OIL & GAS: Two years after Winter Storm Uri froze natural gas plants and caused outages and soaring energy prices across the mid-South, Texas and Oklahoma not only haven’t shifted from the fossil fuel, but Texas lawmakers are doubling down and considering incentivizing even more gas plant construction. (E&E News)

• Kentucky is one of only four states that didn’t apply for $4.6 billion in federal funds to create a climate plan because, the Democratic governor’s office says, it’s leaving that option to individual cities. (Kentucky Lantern)
• Louisiana Gov. John Bel Edwards tells transportation fleet managers at an energy conference that companies that don’t take part in the clean energy transition will fall behind. (The Advocate)
• A climate researcher at Oak Ridge National Laboratory likens the carbon capture and emissions reduction races to the national effort to develop the world’s first atomic bombs. (Oak Ridger)

SOLAR: Gainesville, Florida, city commissioners unanimously approve a solar plant site after four years of discussion, and also agreed to keep further solar projects away from historically Black neighborhoods in the area. (WCJB)

STORAGE: A Texas city’s commissioners approve a permit for a 100 MW battery storage plant, but hold off on granting a second permit for a smaller, 10 MW facility. (Valley Morning Star)

• Georgia Gov. Brian Kemp calls for a shift in how federal tax credits for electric vehicles are awarded because they don’t currently include foreign vehicle models made in Georgia. (WAGA)
• Gov. Kemp unveils the first electric vehicle chargers in Georgia State Parks and pledges more to come. (Atlanta Journal-Constitution)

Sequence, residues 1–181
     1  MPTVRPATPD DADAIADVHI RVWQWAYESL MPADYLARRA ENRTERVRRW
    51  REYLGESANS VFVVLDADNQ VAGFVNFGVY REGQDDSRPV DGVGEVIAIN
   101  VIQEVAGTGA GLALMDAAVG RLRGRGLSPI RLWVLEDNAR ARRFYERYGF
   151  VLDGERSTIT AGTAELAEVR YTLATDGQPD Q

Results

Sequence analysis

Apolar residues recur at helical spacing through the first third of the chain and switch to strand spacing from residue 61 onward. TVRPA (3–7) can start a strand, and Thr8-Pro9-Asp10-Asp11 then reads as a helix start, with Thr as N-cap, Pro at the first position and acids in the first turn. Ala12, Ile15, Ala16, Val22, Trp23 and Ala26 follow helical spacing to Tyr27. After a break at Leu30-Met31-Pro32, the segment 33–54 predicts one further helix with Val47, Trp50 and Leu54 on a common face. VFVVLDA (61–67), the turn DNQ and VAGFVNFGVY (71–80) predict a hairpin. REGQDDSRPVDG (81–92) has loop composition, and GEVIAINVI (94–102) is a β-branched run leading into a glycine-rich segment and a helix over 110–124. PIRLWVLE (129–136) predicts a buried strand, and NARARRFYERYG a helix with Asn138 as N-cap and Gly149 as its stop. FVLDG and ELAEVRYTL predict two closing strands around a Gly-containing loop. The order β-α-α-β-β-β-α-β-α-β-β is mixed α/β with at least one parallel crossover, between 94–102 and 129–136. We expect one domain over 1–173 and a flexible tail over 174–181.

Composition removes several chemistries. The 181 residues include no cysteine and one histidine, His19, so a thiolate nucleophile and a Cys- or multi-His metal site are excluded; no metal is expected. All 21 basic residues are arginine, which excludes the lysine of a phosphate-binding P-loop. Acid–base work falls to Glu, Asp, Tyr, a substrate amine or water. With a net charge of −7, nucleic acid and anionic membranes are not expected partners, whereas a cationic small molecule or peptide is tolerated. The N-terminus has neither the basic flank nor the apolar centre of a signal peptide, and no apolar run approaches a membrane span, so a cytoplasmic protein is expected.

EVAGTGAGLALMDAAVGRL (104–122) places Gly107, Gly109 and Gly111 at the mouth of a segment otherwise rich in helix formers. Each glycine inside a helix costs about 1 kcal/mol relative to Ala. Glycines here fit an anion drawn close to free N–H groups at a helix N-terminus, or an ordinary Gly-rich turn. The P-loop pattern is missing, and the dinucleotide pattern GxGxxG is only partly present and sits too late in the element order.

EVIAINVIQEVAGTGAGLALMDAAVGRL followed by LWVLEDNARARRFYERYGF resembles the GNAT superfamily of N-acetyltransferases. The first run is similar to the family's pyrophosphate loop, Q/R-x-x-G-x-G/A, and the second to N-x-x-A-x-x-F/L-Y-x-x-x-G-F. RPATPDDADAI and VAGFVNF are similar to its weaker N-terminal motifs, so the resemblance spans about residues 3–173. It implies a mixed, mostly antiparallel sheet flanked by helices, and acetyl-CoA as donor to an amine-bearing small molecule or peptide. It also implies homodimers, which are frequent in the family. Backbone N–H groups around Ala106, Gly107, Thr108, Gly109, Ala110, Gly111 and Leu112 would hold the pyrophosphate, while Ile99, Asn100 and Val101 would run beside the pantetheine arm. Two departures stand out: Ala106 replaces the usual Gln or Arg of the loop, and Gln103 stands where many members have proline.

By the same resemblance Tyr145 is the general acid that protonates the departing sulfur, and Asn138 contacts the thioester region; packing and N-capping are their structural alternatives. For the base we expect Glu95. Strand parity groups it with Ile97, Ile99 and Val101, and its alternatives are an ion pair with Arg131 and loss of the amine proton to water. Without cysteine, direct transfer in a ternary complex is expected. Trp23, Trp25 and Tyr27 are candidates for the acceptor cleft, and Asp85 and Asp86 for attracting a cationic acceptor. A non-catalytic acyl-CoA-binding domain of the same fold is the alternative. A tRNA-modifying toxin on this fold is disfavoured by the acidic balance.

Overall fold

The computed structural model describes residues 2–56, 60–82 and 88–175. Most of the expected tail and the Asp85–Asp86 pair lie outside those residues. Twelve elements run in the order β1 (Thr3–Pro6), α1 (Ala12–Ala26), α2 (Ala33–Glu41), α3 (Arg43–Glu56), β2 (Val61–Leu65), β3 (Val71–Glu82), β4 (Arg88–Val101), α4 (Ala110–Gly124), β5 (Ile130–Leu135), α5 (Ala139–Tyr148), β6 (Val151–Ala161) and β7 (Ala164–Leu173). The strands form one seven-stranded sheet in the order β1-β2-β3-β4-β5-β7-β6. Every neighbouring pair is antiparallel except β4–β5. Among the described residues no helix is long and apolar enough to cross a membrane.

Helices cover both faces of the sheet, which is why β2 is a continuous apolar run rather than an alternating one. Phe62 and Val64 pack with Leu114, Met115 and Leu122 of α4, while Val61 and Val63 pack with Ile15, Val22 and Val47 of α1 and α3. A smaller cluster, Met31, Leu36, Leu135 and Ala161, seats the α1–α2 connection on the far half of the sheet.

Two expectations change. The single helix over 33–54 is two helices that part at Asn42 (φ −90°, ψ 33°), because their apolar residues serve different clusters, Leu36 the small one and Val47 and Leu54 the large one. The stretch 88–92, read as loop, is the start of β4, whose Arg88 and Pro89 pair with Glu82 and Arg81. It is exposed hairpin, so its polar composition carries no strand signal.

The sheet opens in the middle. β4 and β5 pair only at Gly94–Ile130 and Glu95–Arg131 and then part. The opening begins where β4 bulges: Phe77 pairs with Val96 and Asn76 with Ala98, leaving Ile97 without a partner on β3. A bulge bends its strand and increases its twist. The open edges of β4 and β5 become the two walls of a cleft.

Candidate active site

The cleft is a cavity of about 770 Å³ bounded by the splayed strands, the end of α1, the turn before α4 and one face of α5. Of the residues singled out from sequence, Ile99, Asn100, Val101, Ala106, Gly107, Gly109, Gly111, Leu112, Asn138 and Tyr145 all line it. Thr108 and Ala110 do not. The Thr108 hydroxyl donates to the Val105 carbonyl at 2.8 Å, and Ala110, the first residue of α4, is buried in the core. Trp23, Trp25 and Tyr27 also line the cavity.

• North Carolina officials try to figure out how to cover road maintenance as more motorists purchase electric vehicles and don’t pay gas tax, which accounts for half the state’s transportation funding. (Spectrum News)
• A North Carolina city looks forward to federal funding for more electric vehicle chargers because, while it currently offers some free chargers through an agreement with its electric utility, it hasn’t added new ones in years. (Fayetteville Observer)

COAL: West Virginia residents weigh in on FirstEnergy utilities’ proposal to hike rates to fund a 12-month evaluation of a coal-fired plant otherwise slated for closure. (Charleston Gazette-Mail)

• An editorial board finds it hard to understand why conservatives who pledge fealty to the free market want to sabotage rapidly growing wind and solar power in the state. (Austin American-Statesman)
• The emerging climate crisis and recent extreme weather in Florida requires educators to ensure they’re prioritizing climate and environmental literacy, writes the head of a climate education advocacy group. (Miami Herald)
• The fate of a West Virginia coal-fired power plant that had been slated to close and will require at least a rate hike to keep open will be a harbinger for the future of power generation, writes a talk radio host. (WV Metro News)

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Mason has worked as a journalist since 2001, covering Appalachian communities and the issues that affect them. He compiles the Southeast Energy News digest. Mason previously worked as a wildlife biologist before moving into journalism by freelancing at Coast Weekly in Monterey, California, before taking an internship in 2001 at High Country News. He wrote for the Enterprise Mountaineer in western North Carolina and the Roanoke Times in western Virginia before going freelance in 2012. His work has appeared in Southerly, Daily Yonder, Mother Jones, Huffington Post, WVPB’s Inside Appalachia and elsewhere. Mason was born and raised in Clifton Forge, Virginia, and now lives with his family and a small herd of goats in Floyd County, Virginia.